Military Aviation

Lockheed Martin to establish European F-16 Training Center in Romania to train Ukrainian Viper pilots (and F-16 drivers from other regional operators)

European F-16 Training Center

Lockheed Martin and the governments of Romania and the Netherlands have announced a Letter of Intent to establish the European F-16 Training Center in Romania.

“The F-16 continues to play a crucial role in 21st Century Security missions for the United States, Europe, NATO and allies around the world,” said OJ Sanchez, vice president and general manager, Integrated Fighter Group, in a Lockheed Martin press release. “Lockheed Martin is proud to partner with the Netherlands and Romania on this European F-16 Training Center in Romania, which will enhance mission readiness through a comprehensive F-16 training solution for Romanian pilots.”

The center will focus on ensuring effectiveness and safety of Romanians flying and operating F-16 fighter jets and could eventually expand to include training for other nations.

Ukrainian F-16 pilots training

“Once details are finalized, we are confident the training center will ultimately benefit Romania and other regional F-16 operators, including potentially Ukraine,” added Sanchez.

More than 60 F-16 will be donated to Ukraine by Denmark, the Netherlands and Norway. Ukraine continues to fight off Russia’s full-scale invasion, and the US has agreed to expedite the third-party transfer and provide F-16 training materials. As reported by Air & Space Forces Magazine, some Ukrainian pilots are receiving language training in the UK and the US before taking part in an F-16 training program at Morris Air National Guard Base, Ariz., where most foreign military sales F-16 pilots receive instruction.

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Even though some countries were promoting the idea of Ukrainian pilots flying the jet in the war against Russia by the end of this year, Gen. James B. Hecker, US Air Forces in Europe (USAFE) commander, said earlier this month that Ukraine would not get a basic F-16 capability until 2024. According to Hecker the F-16 will be more interoperable with air-to-ground weapons the US and other countries are providing to Ukraine (than those weapons are with Ukraine’s Russian-design MiG-29s and Su-27s) but it will not be a “silver bullet” that will suddenly turn the tide in the 18-month-old war.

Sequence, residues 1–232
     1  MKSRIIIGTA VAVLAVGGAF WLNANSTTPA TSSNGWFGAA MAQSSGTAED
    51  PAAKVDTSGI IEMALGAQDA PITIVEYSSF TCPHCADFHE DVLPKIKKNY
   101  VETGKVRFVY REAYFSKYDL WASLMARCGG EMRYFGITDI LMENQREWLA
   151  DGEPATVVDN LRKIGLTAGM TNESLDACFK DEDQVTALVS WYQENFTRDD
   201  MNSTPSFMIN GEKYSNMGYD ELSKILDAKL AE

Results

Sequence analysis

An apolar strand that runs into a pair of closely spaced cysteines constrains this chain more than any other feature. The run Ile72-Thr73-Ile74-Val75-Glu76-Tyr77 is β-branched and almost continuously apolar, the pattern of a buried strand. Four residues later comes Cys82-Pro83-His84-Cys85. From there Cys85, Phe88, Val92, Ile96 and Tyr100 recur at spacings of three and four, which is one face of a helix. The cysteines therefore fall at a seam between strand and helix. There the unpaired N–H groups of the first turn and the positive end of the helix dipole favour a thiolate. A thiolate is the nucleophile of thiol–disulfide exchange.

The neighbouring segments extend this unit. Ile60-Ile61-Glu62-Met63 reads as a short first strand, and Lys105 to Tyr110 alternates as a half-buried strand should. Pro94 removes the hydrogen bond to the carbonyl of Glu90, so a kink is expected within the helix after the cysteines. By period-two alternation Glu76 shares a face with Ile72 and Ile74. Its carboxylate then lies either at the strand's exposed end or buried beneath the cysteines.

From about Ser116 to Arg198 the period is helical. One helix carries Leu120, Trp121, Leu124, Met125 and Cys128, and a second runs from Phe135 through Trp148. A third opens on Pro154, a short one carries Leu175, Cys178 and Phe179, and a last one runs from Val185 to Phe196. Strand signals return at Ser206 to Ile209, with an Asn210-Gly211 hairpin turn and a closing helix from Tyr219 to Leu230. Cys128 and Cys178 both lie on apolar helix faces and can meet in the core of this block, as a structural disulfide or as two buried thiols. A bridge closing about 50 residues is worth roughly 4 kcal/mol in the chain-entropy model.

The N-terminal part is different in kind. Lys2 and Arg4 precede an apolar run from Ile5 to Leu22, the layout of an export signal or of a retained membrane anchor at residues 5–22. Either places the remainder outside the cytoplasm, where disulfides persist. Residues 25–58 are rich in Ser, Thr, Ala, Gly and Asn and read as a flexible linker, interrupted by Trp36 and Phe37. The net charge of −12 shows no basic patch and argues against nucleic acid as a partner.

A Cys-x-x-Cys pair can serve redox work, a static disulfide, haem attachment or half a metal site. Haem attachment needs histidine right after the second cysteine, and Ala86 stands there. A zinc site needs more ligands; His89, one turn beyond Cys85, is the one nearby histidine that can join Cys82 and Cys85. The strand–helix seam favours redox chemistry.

Nevertheless, if the Ukrainian pilots have access to a nearby training facility—such as in Romania— fewer of the jets Ukraine receives will have to be set aside for training, meaning more will be available for combat, an industry source explained to Air & Space Forces Magazine.

The F-16

Lockheed Martin has supported F-16s worldwide for decades, with extensive experience in pilot and maintainer training. Aircrews from the Netherlands and Romania currently train with Lockheed Martin F-16 simulators, and this training center will support readiness through an affordable, efficient sequence of ground-based and flight training missions.

There are hundreds of F-16s operating across Europe today, enabling multiple European countries, including Romania, to protect airspace and be part of a web of integrated NATO peacekeeping coverage. Lockheed Martin continues to work side by side with European operators to modernize the F-16 to remain ahead of the evolving threat.

The F-16 is a strategic and valuable choice for many customers around the world seeking advanced fighter aircraft capabilities, regional and worldwide partnerships, and affordable lifecycle costs. More than 3,100 F-16s are operating today in 25 countries. The F-16 has flown an estimated 19.5 million flight hours and at least 13 million sorties. Today’s latest version, the Block 70/72, offers unparalleled capabilities and will be flown by six countries and counting.

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Photo credit: NATO’s Allied Air Command

Dario Leone

Dario Leone is an aviation, defense and military writer. He is the Founder and Editor of “The Aviation Geek Club” one of the world’s most read military aviation blogs. His writing has appeared in The National Interest and other news media. He has reported from Europe and flown Super Puma and Cougar helicopters with the Swiss Air Force.

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